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Peaceweaver (Legacy of Beowulf) [Kindle Edition]

Rebecca Barnhouse
4.8 out of 5 stars  See all reviews (6 customer reviews)

Print List Price: $16.99
Kindle Price: $7.99
You Save: $9.00 (53%)
Sold by: Random House LLC


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Book Description

This is historical fantasy at its best. Sixteen-year-old Hild has always been a favorite of her uncle, king of the Shylfings. So when she protects her cousin the crown prince from a murderous traitor, she expects the king to be grateful. Instead, she is unjustly accused of treachery herself.

As punishment, her uncle sends Hild far away to the heir of the enemy king, Beowulf, to try to weave peace between the two kingdoms. She must leave her home and everyone she loves. On the long and perilous journey, Hild soon discovers that fatigue and rough terrain are the least of her worries. Something is following her and her small band of guards—some kind of foul creature that tales say lurks in the fens. Will Hild have to face the monster? Or does it offer her the perfect chance to escape the destiny she never chose?

Rebecca Barnhouse's companion to The Coming of the Dragon is sure to appeal to younger fans of Tamora Pierce, Esther Friesner, and Shannon Hale.

From the Hardcover edition.

Editorial Reviews

From Booklist

Barnhouse’s latest historical fantasy is a stand-alone companion to her Beowulf-inspired tale, The Coming of the Dragon (2010). When Hild, the niece of the Shylfings king, has a vision of the crown prince’s assassination, she impulsively murders the visiting lord she knows will be responsible. Unwilling to believe in her far-minded visions, the king claims she has been possessed, and after a frightening imprisonment, she is sent as a peace offering to marry the new king of the Geats. Hild’s scorn for the seemingly barbarian Geats changes during their long, dangerous journey, and she has a difficult decision to make when she learns that her uncle has no intention of honoring the treaty, instead using her journey to plan an invasion. This vigorous Norse saga is rich in details of medieval Scandinavian life, and Hild grows convincingly from a naive, judgmental girl into an honorable, capable warrior-queen as her prowess is tested against both monstrous creatures and all-too-human traitors. Give this to readers of epic fantasy, historical fiction, and Viking mythology. Grades 6-9. --Krista Hutley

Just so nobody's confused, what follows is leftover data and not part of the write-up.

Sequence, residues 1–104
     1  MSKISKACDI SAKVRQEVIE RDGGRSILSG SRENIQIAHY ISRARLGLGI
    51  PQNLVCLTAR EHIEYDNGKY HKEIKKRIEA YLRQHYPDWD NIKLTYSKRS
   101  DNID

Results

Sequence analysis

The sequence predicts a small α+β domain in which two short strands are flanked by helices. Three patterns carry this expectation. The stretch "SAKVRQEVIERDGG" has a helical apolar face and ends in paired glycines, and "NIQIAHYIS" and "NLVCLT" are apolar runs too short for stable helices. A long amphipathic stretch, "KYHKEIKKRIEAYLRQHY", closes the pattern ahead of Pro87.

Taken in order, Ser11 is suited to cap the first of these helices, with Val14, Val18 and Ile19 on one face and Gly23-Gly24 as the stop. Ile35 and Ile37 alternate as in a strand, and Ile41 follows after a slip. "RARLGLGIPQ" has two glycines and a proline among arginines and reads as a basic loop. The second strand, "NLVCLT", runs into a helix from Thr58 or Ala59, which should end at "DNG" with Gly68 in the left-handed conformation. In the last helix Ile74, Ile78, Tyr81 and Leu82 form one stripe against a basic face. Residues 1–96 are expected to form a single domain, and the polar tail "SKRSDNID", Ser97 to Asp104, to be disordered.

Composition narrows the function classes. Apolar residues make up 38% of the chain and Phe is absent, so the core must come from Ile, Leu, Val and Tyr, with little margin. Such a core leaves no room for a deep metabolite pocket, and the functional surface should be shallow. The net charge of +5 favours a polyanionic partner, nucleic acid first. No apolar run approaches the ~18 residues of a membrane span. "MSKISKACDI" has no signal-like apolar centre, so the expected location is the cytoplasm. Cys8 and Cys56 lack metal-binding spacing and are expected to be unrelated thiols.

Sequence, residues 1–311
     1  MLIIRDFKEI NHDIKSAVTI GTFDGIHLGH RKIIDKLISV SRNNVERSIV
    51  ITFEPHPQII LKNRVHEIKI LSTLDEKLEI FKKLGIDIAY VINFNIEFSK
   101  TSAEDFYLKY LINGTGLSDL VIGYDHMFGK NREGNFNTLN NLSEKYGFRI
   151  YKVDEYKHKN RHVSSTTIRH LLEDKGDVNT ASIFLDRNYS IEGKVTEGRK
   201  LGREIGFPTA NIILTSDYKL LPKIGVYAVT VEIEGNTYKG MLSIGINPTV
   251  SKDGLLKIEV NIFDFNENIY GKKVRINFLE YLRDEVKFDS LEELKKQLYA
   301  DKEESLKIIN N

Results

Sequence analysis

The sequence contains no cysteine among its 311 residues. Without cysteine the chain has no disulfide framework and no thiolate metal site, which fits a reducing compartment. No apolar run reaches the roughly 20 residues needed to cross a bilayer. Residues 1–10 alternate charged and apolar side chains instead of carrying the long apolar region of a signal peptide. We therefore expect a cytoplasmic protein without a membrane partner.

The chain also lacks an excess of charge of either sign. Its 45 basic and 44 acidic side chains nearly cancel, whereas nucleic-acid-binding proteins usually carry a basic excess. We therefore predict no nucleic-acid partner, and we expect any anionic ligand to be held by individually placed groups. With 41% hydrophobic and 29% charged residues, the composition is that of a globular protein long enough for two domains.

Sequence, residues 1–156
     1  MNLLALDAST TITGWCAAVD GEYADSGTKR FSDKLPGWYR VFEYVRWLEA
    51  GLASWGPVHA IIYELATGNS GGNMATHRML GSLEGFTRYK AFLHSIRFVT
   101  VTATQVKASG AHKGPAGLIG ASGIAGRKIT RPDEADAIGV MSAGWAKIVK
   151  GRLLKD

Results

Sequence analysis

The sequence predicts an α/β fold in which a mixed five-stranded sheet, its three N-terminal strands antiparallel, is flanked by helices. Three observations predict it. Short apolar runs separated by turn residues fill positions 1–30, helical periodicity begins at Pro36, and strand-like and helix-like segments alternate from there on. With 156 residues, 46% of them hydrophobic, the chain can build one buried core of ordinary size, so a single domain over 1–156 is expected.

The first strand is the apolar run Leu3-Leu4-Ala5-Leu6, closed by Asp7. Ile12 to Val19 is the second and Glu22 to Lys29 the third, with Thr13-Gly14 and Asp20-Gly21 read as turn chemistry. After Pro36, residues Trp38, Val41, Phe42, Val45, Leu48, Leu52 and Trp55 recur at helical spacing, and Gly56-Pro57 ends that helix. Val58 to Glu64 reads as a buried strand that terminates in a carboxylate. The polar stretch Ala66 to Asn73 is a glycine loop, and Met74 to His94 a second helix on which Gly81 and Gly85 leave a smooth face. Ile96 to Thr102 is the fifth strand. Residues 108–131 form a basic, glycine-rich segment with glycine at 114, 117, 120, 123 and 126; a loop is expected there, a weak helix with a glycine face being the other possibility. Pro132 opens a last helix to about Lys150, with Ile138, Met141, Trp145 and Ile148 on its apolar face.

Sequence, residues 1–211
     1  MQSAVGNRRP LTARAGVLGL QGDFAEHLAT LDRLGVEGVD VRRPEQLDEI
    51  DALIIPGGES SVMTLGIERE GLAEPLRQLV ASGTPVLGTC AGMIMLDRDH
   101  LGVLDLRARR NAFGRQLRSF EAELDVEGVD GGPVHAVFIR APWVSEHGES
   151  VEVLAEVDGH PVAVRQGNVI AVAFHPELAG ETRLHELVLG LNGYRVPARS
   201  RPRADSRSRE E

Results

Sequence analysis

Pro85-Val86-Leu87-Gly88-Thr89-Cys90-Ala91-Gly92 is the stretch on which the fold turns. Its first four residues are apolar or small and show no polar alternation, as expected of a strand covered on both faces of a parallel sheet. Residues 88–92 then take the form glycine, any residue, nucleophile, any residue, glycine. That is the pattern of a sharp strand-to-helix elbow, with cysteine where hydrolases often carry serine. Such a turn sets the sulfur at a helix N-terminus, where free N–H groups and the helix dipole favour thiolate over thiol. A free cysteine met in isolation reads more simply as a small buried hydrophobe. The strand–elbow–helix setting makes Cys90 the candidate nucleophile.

About the Author

REBECCA BARNHOUSE is the author of The Book of the Maidservant and The Coming of the Dragon. She first read Beowulf in Old English at the University of North Carolina at Chapel Hill, where she earned her doctorate, studying Anglo-Saxon manuscripts and medieval literature written in Old and Middle English, Old Norse, and other fascinating languages. She lives in Ohio, where she is a professor of English at Youngstown State University. To find out more, visit her Web site at

From the Hardcover edition.

Product Details

  • File Size: 1062 KB
  • Print Length: 338 pages
  • Page Numbers Source ISBN: B00ERQRNKI
  • Publisher: Random House Books for Young Readers (March 27, 2012)
  • Sold by: Random House LLC
  • Language: English
  • ASIN: B005ACH5HO
  • Text-to-Speech: Enabled
  • X-Ray:
  • Lending: Not Enabled
  • Amazon Best Sellers Rank: #890,335 Paid in Kindle Store (See Top 100 Paid in Kindle Store)
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Customer Reviews

Most Helpful Customer Reviews